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Kim says it’s been difficult to peg accurate expectations for living expenses in the current bout of inflation, as the “core basket of goods” such as food and housing has been under the most price pressure over the past year.

Jason Evans, a Winnipeg-based financial planner focusing on retirement transitions, says that even though inflation has been trending down in recent months, it’s “still top of mind” for clients.

He says his approach is to sit down with them to learn their day-to-day expenses now and roll out a series of scenarios for income sources and their personal cost of living in retirement.

“Our personal experience with inflation can vary even family to family,” he says.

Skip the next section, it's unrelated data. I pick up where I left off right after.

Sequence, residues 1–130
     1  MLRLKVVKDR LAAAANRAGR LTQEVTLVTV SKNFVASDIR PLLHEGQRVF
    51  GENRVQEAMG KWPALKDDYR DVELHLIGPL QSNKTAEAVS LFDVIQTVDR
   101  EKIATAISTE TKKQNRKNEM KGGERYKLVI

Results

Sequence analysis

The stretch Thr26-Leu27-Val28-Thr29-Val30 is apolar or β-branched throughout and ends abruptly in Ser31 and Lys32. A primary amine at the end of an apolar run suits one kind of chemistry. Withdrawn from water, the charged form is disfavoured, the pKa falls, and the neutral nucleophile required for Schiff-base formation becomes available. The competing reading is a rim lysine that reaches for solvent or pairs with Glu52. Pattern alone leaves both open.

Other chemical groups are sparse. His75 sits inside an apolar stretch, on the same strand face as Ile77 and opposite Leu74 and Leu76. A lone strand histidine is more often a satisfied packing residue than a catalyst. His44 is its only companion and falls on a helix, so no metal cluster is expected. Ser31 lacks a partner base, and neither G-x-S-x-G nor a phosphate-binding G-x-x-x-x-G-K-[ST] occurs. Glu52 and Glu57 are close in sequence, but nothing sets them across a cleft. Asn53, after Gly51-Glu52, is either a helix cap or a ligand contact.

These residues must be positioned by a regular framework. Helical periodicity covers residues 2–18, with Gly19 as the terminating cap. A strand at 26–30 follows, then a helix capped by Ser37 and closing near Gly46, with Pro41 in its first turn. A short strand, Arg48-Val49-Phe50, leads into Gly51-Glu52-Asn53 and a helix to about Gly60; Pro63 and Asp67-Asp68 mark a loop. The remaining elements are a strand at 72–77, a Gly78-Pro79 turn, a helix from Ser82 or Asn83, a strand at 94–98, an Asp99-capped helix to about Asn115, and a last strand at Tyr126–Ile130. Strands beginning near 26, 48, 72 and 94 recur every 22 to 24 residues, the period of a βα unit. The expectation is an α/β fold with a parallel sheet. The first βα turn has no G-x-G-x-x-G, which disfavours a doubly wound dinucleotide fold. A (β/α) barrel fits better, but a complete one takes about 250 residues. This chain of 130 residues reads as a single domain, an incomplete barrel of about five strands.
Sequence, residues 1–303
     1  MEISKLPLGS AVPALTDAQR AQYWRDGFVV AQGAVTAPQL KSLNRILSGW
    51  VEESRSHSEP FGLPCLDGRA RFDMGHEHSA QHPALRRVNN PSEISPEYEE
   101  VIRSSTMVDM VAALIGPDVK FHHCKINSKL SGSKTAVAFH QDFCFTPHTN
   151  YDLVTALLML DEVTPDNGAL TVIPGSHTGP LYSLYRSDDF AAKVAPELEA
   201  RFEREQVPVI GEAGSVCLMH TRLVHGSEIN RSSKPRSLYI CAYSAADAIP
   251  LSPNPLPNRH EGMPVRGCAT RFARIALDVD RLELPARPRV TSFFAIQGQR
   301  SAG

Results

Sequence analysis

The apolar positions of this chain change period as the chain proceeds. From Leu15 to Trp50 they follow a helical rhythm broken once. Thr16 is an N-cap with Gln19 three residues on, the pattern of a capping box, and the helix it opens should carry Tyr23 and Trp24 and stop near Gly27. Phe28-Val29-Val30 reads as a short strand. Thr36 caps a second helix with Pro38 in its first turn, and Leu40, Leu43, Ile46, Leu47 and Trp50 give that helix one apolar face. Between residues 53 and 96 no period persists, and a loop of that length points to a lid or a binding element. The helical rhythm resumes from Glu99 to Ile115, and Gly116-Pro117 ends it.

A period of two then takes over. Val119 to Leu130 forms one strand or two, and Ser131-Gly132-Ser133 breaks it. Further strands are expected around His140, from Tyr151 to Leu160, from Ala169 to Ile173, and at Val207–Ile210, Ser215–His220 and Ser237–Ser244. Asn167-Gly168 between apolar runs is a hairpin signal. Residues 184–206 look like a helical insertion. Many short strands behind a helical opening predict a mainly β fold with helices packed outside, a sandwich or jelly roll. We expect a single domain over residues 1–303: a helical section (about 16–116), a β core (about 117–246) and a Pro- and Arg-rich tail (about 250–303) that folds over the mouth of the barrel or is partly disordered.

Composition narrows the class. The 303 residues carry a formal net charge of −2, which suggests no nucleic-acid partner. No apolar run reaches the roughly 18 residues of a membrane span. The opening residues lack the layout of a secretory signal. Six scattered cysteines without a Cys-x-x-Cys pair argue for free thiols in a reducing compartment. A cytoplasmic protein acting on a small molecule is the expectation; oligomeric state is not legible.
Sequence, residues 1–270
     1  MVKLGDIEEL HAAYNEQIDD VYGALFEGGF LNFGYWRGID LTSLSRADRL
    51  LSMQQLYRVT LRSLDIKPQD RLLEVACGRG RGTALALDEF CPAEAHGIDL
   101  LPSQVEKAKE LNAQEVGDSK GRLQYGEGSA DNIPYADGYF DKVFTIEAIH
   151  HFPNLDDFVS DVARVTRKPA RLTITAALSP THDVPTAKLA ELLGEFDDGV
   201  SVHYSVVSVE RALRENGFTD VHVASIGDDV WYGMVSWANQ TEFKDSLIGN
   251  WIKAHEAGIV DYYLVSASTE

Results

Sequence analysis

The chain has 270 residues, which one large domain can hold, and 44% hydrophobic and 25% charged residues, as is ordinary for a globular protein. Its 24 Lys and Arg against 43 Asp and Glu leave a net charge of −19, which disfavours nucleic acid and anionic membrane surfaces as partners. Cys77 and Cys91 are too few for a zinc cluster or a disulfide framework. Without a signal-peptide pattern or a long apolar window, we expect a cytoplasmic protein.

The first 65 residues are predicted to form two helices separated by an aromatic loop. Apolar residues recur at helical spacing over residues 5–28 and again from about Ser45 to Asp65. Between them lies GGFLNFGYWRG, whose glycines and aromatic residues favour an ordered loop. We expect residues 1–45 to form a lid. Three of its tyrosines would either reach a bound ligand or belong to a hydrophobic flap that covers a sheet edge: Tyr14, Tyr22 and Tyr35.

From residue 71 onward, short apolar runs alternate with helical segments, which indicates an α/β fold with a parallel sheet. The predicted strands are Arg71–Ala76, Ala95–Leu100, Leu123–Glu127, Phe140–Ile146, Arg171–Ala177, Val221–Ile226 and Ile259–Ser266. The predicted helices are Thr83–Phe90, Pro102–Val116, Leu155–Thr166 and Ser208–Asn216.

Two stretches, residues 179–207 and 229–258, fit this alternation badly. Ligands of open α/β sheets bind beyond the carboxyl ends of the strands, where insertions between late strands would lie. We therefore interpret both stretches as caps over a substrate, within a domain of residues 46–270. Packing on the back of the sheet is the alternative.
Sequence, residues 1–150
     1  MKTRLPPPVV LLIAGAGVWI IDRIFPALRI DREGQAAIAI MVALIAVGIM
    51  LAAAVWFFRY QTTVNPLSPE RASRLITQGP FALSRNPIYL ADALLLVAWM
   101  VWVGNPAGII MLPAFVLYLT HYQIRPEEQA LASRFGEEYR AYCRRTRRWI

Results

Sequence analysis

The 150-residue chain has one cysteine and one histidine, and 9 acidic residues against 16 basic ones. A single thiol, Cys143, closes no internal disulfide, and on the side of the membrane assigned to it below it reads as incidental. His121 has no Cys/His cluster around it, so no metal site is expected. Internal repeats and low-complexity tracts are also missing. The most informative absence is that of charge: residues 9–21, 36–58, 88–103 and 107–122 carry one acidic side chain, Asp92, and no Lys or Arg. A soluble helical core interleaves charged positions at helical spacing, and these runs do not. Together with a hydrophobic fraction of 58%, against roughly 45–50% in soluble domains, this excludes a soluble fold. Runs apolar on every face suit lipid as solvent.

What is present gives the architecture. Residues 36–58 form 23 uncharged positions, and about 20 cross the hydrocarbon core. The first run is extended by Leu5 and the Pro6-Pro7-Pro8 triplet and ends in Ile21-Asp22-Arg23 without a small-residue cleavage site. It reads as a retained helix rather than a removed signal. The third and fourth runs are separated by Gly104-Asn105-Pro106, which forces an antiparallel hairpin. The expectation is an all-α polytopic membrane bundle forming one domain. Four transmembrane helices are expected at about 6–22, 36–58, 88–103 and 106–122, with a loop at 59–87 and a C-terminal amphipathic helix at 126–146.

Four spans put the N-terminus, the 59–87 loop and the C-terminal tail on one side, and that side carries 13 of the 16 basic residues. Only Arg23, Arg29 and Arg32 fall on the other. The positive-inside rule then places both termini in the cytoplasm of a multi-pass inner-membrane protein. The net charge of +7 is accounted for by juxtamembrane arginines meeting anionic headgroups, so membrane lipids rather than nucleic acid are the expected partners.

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Kim says that many Canadians are also failing to take into account how significantly other costs can balloon in retirement. Roughly one in four (26 per cent) households participating in the Deloitte analysis said they were budgeting for long-term care affordability, for example.

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Canadians heading into their retirement years may also be underestimating the cost of acquiring insurance for disability and other complications at an older age, Kim notes.

“It is really important to think about your care costs, different factors about your health, and whether you’ll need to actually start setting aside some savings or thinking about how insurance policies work for you for your care,” he says.